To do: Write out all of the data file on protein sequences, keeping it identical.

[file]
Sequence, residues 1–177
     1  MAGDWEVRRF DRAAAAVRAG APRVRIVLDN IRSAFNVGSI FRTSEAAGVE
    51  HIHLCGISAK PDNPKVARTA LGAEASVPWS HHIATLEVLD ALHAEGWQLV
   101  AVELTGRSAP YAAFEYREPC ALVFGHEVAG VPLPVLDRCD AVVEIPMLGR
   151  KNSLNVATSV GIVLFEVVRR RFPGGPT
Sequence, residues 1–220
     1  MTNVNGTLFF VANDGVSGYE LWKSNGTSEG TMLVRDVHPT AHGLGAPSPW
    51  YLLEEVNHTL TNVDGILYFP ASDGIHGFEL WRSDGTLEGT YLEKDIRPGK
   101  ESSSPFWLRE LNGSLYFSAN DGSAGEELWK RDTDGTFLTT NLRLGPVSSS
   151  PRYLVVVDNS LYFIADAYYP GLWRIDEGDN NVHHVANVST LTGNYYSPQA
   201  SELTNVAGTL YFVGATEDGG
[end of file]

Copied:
Sequence, residues 1–177
     1  MAGDWEVRRF DRAAAAVRAG APRVRIVLDN IRSAFNVGSI FRTSEAAGVE
    51  HIHLCGISAK PDNPKVARTA LGAEASVPWS HHIATLEVLD ALHAEGWQLV
   101  AVELTGRSAP YAAFEYREPC ALVFGHEVAG VPLPVLDRCD AVVEIPMLGR
   151  KNSLNVATSV GIVLFEVVRR RFPGGPT
Sequence, residues 1–220
     1  MTNVNGTLFF VANDGVSGYE LWKSNGTSEG TMLVRDVHPT AHGLGAPSPW
    51  YLLEEVNHTL TNVDGILYFP ASDGIHGFEL WRSDGTLEGT YLEKDIRPGK
   101  ESSSPFWLRE LNGSLYFSAN DGSAGEELWK RDTDGTFLTT NLRLGPVSSS
   151  PRYLVVVDNS LYFIADAYYP GLWRIDEGDN NVHHVANVST LTGNYYSPQA
   201  SELTNVAGTL YFVGATEDGG